Norah has agoraphobia and OCD. When groceries are left on the porch, she can’t step out to get them. Struggling to snag the bags with a stick, she meets Luke. He’s sweet and funny, and he just caught her fishing for groceries. Because of course he did.
Norah can’t leave the house, but can she let someone in? As their friendship grows deeper, Norah realizes Luke deserves a normal girl. One who can lie on the front lawn and look up at the stars. One who isn’t so screwed up.
Readers themselves will fall in love with Norah in this poignant, humorous, and deeply engaging portrait of a teen struggling to find the strength to face her demons.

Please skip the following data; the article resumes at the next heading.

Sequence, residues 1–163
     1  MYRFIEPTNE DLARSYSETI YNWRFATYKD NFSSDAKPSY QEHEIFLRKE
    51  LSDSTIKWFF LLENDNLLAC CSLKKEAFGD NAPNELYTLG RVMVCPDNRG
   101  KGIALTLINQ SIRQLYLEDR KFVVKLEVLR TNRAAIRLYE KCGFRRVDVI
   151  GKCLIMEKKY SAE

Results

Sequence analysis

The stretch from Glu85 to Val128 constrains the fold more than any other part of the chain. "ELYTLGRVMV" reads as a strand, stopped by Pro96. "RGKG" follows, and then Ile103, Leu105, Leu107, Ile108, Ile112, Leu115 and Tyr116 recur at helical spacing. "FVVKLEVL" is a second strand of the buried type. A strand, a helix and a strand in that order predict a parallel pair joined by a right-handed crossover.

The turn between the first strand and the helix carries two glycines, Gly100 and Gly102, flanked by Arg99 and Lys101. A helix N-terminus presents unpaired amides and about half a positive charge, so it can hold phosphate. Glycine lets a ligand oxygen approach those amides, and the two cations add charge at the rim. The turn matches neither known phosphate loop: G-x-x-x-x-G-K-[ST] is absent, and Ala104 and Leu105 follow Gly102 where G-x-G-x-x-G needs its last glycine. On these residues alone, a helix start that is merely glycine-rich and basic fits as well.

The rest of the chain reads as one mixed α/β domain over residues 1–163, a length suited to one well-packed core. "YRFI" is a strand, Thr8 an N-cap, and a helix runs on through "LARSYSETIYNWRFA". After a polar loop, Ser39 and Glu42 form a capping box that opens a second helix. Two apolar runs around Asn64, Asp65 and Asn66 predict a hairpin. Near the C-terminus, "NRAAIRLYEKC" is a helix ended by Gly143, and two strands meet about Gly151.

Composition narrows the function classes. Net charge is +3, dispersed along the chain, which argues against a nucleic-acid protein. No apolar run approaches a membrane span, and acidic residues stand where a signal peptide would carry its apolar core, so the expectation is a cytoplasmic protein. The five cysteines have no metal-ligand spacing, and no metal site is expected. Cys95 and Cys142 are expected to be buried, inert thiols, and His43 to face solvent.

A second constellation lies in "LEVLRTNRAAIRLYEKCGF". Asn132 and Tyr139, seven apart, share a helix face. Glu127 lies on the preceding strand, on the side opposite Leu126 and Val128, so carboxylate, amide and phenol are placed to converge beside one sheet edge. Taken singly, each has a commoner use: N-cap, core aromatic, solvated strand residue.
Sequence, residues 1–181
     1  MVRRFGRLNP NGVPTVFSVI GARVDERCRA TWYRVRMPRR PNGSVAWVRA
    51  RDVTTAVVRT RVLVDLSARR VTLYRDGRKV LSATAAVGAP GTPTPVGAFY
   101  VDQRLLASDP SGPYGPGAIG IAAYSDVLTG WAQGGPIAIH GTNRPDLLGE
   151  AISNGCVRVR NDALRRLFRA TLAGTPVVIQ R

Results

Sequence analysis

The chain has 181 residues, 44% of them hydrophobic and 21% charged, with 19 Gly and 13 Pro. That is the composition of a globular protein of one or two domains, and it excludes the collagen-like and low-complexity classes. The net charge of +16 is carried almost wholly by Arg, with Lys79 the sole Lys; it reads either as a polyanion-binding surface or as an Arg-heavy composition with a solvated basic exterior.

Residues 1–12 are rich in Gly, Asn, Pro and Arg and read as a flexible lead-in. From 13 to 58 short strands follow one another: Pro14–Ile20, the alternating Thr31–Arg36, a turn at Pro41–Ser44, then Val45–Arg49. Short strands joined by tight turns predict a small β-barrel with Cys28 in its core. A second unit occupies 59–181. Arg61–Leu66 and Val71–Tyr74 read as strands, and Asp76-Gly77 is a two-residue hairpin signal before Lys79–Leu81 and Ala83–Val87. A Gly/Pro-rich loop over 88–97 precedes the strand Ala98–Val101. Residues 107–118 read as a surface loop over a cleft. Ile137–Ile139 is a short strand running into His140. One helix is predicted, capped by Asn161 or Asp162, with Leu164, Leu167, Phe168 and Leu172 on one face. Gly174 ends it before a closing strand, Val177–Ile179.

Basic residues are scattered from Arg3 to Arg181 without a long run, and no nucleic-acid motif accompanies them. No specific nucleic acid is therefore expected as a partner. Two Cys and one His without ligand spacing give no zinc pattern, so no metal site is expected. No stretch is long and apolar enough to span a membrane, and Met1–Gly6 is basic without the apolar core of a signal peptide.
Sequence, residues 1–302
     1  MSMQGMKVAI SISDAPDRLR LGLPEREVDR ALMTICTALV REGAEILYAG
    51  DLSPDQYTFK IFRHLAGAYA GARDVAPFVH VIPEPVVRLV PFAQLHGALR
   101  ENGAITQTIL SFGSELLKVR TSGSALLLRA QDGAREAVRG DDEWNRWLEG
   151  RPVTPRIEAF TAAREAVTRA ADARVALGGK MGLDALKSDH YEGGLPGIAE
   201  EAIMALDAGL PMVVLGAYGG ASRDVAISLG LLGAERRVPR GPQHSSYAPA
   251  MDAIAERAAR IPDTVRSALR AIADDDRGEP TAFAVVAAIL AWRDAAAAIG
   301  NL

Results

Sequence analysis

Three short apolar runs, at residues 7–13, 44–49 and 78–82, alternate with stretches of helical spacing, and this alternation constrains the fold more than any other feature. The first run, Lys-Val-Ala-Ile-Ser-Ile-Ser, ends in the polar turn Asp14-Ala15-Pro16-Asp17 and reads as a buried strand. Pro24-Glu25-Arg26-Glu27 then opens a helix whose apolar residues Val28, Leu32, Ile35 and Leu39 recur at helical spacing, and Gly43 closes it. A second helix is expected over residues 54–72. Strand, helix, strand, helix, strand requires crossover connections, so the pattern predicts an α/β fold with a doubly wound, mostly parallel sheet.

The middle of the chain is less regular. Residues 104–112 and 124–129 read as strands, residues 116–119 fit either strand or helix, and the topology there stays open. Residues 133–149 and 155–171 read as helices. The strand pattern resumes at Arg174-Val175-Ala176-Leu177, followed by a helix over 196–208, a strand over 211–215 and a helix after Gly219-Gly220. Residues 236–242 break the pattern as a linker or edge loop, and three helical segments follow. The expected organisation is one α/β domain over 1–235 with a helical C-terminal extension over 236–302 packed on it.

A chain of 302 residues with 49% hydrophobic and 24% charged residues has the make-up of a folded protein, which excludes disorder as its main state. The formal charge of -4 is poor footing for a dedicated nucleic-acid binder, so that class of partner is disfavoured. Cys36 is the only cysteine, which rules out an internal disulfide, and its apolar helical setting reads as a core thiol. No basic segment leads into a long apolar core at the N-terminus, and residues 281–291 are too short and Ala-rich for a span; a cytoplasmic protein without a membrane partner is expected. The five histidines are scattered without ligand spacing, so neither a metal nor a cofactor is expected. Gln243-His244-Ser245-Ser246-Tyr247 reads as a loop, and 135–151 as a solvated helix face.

Seventeen-year-old Norah has incapacitating OCD and agoraphobia: she hasn't been outside of her home, except to see her therapist, in nearly four years. After a cute boy named Luke moves in next door and takes an interest in her, Norah manages to fight her urges to hide away, slowly befriending him and showing him who she really is, phobias and all. Norah's unease permeates the pages ("Musings, meanderings, conversations that haven't even happened run in one continuous loop around my head"), leaving readers with a deep understanding of the limitations of her conditions. While Luke's almost-too-good-to-be-true patience and persistence help spur Norah to push herself in new ways, Gornall doesn't minimize the role of therapy in the progress she makes nor the difficult work that still lies ahead for the teenager. Through Norah's poetic internal monologue, Gornall, whose own experience with mental illness helped inform Norah's story, provides an intimate glimpse into the mind of a young woman battling some very real demons. Ages 12 up.